By action of the Supreme Council taken on April 26th of this year an invitation was tendered to me to arbitrate the question of the boundaries between Turkey and the new state of Armenia. Representatives of the powers signatory on August 10th of this year to the Treaty of Sevres have acquiesced in conferring this honor upon me and have signified their intention of accepting the frontiers which are to be determined by my decision, as well as any stipulation which I may prescribe as to access for Armenia to the sea and any arrangement for the demilitarization of Turkish territory lying along the frontier thus established.
The limitation of the arbitral assignment to the four vilayets named in Article 89 of the Treaty made it seem a duty and an obligation that as large an area within these vilayets be granted to the Armenian state as could be done, while meeting the basic requirements of an adequate natural frontier and of geographic and economic unity for the new state. It was essential to keep in mind that the new state of Armenia, including as it will a large section of the former Armenian provinces of Transcaucasian Russia, will at the outset have a population about equally divided between Muslem and Christian elements and of diverse racial and tribal relationship.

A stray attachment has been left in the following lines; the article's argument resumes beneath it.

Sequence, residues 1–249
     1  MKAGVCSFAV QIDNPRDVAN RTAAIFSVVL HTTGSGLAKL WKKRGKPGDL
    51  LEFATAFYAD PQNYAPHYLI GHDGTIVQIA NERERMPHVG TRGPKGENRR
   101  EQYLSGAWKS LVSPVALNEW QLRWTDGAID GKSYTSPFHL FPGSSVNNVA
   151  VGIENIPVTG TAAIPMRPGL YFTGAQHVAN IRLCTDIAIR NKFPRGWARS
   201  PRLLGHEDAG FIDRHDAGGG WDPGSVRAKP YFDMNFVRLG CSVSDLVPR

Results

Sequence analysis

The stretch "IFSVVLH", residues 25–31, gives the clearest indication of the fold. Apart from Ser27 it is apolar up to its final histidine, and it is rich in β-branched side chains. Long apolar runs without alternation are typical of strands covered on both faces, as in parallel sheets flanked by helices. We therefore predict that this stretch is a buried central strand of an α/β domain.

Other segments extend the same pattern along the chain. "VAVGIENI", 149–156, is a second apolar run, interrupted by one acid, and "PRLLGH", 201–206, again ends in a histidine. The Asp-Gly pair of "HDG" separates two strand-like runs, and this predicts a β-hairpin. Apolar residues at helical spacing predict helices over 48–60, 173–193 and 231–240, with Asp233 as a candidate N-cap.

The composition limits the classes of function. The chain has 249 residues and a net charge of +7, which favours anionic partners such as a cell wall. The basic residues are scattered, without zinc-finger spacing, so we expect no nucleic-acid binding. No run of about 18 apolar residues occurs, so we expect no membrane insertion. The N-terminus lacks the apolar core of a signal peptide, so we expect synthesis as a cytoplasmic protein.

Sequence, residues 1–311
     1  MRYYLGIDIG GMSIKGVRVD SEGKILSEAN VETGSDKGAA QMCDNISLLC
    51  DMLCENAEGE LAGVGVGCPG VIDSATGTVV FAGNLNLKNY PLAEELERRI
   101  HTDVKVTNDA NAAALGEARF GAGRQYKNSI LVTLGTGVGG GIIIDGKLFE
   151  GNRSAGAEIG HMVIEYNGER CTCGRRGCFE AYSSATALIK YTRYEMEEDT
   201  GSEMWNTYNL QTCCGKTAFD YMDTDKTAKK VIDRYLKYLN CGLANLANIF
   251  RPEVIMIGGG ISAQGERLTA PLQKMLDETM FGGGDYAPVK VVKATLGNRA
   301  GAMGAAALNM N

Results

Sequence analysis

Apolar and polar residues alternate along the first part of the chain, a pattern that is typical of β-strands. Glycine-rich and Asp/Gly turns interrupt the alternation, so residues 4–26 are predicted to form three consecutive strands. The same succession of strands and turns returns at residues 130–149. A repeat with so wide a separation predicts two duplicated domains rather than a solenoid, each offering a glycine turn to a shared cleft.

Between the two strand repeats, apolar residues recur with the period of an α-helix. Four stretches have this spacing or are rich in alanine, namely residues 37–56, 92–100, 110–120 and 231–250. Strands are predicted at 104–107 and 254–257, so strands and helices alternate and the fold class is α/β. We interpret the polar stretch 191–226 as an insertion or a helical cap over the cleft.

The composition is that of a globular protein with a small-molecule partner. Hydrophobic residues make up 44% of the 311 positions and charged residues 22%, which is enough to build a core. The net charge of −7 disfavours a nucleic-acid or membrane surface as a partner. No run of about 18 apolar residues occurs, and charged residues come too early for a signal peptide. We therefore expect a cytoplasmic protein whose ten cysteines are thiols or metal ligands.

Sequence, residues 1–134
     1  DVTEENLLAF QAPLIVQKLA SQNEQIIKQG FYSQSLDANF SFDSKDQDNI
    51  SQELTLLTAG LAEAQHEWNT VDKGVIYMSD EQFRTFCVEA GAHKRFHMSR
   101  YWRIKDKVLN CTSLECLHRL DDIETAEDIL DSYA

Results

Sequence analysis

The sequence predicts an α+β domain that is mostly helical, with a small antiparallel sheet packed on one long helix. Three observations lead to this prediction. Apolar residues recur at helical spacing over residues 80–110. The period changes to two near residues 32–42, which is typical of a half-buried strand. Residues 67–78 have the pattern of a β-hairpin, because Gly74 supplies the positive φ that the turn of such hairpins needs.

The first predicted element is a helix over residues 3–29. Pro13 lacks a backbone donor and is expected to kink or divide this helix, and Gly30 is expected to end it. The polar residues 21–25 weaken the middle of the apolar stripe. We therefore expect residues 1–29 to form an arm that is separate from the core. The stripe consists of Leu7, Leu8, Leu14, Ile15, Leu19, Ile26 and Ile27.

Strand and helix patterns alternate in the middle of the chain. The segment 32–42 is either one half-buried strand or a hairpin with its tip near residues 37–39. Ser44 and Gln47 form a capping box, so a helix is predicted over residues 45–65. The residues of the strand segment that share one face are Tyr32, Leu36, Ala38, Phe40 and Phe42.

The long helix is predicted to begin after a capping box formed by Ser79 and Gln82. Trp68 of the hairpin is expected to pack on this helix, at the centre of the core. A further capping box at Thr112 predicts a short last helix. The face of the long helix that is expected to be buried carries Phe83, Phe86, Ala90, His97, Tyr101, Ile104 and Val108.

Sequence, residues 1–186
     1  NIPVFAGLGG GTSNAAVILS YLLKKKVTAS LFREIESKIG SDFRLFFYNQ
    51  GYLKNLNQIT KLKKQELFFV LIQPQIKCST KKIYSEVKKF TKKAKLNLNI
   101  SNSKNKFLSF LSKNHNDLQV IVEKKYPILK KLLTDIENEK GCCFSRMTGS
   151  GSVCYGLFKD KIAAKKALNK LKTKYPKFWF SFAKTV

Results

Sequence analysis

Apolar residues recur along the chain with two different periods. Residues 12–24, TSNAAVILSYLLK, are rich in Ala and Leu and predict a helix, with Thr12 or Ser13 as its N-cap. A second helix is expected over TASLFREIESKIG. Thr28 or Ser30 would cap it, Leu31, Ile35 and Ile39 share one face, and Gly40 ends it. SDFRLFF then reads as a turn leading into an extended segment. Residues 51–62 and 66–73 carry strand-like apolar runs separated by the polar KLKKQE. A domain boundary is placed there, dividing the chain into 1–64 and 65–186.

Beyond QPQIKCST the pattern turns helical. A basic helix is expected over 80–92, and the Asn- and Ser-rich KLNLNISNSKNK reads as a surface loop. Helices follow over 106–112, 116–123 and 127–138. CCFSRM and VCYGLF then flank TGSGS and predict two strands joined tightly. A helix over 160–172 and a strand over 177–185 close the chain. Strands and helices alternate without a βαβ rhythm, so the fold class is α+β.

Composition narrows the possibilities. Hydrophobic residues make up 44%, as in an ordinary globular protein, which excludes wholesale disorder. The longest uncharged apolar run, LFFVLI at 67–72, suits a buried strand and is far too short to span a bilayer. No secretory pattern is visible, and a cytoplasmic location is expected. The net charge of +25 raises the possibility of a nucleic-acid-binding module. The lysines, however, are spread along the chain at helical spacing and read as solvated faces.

I have the honor to submit herewith the text of my decision.
Washington, November 22, 1920.